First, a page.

Third District Councilwoman Suzie Price has set a meeting next Tuesday to talk again about a planned lane reduction on Ocean Boulevard between Livingston Drive and the Peninsula.
Price first unveiled the proposal in July, after completion of a traffic study in the area. Since that first meeting and a story in the Gazette at that time, some residents have organized opposition to the plan.
The traffic study, conducted in the spring and summer of 2015, showed an average of 7,000 vehicles a day on that stretch of Ocean Boulevard. With only two stop signs, speed was a concern along the route, Price said. Traffic engineer Paul Van Dyk said a comparable four-lane street would carry 25,000 to 30,000 cars a day.
As a solution to the speed and to allow better pedestrian crossing, Van Dyk and City Traffic Engineer Eric Widstrand have proposed reducing the eastbound street to one lane (leaving westbound Ocean two lanes). The extra space would be used to create a dedicated bike lane and 150 spaces of diagonal parking, predominantly at the western end of the street, near Livingston Drive and the commercial area.
Price said in July that there would be specific parking plans required for major events on the beach or the Belmont Pool. The added diagonal parking would be between 39th Place and Bennett Avenue and from Granada Avenue to 54th Place, with gaps for beach parking lot entrances. The spaces could be used for nearby apartment buildings as well as commercial or beach parking, Price said.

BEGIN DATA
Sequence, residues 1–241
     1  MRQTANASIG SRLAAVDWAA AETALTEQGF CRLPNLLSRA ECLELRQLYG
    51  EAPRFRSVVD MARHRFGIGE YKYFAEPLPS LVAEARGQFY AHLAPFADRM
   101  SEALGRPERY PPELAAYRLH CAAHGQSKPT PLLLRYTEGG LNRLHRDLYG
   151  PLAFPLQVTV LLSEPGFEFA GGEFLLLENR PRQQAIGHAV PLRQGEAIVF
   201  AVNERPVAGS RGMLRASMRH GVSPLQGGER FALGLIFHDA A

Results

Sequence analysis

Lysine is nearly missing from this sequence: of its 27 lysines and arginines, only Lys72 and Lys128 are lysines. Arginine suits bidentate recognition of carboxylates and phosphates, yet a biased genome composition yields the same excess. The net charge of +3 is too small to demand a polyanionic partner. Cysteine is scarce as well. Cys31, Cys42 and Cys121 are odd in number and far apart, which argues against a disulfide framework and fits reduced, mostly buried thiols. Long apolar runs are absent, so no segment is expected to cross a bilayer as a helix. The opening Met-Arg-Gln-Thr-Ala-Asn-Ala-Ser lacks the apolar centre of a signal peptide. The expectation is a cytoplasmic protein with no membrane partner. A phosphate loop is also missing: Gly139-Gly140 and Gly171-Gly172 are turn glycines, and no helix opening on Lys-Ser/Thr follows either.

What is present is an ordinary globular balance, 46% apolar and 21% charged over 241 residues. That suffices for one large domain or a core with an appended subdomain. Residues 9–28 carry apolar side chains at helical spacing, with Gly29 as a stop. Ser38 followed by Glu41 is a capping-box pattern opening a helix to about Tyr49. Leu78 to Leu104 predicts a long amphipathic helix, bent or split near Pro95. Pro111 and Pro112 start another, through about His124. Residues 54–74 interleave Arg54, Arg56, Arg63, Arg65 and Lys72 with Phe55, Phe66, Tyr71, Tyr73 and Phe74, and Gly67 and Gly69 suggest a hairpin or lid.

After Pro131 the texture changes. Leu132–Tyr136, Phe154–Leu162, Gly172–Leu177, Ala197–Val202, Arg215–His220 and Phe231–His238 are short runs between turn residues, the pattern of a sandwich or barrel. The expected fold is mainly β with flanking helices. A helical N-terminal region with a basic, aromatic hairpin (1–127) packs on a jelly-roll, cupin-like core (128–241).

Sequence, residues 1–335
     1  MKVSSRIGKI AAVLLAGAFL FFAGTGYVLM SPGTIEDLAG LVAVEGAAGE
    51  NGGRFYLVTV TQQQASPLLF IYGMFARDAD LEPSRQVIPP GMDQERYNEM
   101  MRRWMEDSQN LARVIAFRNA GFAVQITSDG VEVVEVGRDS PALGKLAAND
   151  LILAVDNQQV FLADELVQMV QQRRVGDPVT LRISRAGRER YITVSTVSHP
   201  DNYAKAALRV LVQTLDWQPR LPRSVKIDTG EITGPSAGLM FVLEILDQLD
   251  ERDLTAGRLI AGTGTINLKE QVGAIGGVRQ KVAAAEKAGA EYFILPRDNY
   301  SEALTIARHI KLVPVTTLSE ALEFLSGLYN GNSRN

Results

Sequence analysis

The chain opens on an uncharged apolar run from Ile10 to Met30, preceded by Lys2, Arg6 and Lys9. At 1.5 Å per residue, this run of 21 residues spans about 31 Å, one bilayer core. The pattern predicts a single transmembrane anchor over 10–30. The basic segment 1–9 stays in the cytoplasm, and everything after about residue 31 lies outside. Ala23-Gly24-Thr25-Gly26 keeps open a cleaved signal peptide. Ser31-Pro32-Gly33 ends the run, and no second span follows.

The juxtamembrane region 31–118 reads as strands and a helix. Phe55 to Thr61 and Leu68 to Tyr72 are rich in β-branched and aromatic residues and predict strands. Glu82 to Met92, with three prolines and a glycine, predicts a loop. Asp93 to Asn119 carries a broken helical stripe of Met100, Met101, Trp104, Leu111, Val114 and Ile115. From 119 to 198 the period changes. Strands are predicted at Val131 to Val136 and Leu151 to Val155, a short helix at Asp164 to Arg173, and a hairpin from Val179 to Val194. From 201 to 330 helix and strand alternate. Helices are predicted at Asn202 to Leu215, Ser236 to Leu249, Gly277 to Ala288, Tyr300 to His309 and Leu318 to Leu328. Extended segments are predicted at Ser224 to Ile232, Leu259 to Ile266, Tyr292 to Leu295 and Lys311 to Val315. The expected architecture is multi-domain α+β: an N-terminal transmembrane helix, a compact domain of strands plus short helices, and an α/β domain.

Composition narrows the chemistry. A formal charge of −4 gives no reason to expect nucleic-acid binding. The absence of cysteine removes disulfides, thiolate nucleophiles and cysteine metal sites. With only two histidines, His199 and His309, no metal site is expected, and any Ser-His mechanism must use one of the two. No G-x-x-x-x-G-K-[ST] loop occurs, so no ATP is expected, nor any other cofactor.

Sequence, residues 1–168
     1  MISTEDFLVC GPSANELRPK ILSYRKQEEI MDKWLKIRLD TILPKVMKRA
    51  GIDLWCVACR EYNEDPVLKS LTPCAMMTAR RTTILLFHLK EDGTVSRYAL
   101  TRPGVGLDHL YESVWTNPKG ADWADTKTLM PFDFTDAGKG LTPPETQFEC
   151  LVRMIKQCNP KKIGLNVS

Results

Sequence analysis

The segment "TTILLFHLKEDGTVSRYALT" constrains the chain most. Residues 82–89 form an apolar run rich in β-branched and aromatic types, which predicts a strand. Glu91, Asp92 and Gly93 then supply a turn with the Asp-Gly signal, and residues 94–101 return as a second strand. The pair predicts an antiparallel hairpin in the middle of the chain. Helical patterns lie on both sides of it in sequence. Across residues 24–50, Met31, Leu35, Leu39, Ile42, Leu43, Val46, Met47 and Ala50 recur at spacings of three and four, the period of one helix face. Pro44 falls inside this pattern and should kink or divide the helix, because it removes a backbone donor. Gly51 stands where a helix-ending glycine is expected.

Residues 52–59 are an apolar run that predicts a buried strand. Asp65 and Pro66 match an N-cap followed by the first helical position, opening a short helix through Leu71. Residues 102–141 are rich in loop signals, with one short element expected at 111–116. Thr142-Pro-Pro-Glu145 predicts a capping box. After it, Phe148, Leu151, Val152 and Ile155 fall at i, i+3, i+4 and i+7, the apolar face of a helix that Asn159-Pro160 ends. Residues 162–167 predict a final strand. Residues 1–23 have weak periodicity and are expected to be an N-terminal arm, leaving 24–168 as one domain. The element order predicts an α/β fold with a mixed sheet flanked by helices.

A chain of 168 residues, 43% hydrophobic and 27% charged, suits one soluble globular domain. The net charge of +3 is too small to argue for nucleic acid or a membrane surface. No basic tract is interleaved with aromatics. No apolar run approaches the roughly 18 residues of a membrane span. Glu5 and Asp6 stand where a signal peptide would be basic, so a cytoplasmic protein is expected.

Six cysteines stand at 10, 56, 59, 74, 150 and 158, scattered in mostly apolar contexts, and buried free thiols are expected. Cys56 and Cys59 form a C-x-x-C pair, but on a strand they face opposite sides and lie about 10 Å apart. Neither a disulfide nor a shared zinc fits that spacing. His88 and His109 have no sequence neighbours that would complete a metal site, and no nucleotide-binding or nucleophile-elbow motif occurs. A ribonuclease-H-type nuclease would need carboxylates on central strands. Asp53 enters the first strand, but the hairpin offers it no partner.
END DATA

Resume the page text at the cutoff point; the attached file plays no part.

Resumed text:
Those parking in the diagonal spaces would have the buffer of a bike lane when backing out before rejoining traffic.
Price has set aside more than $100,000 in her “Divide by Nine” share of infrastructure money for the project. A similar “traffic diet” reducing lanes to slow speeds was completed last year on Broadway, reportedly with good results.
Opponents of the plan say it will cause unbearable congestion at the entrance to the Peninsula and at Bay Shore Avenue, particularly in the summer. They claim the proposal is a solution looking for a problem.
“This project came as a direct result of frequent concerns of speeding along this corridor and is intended to increase safety for drivers, cyclists and pedestrians by reducing speeds,” Price wrote in the meeting announcement. “(We are holding this meeting) in order to provide an update as this project moves forward and address any concerns or misinformation.”
Tuesday’s meeting will include a presentation from the traffic engineer and there will be police and fire representatives to answer questions regarding traffic enforcement and emergency vehicle response. The Special Events Bureau also will have a representative on hand to answer questions.
The meeting is at 6:30 p.m. Tuesday at the Third District field office, 340 Nieto Ave. For more information, call (562) 570-6300.
Harry Saltzgaver can be reached at email@example.com.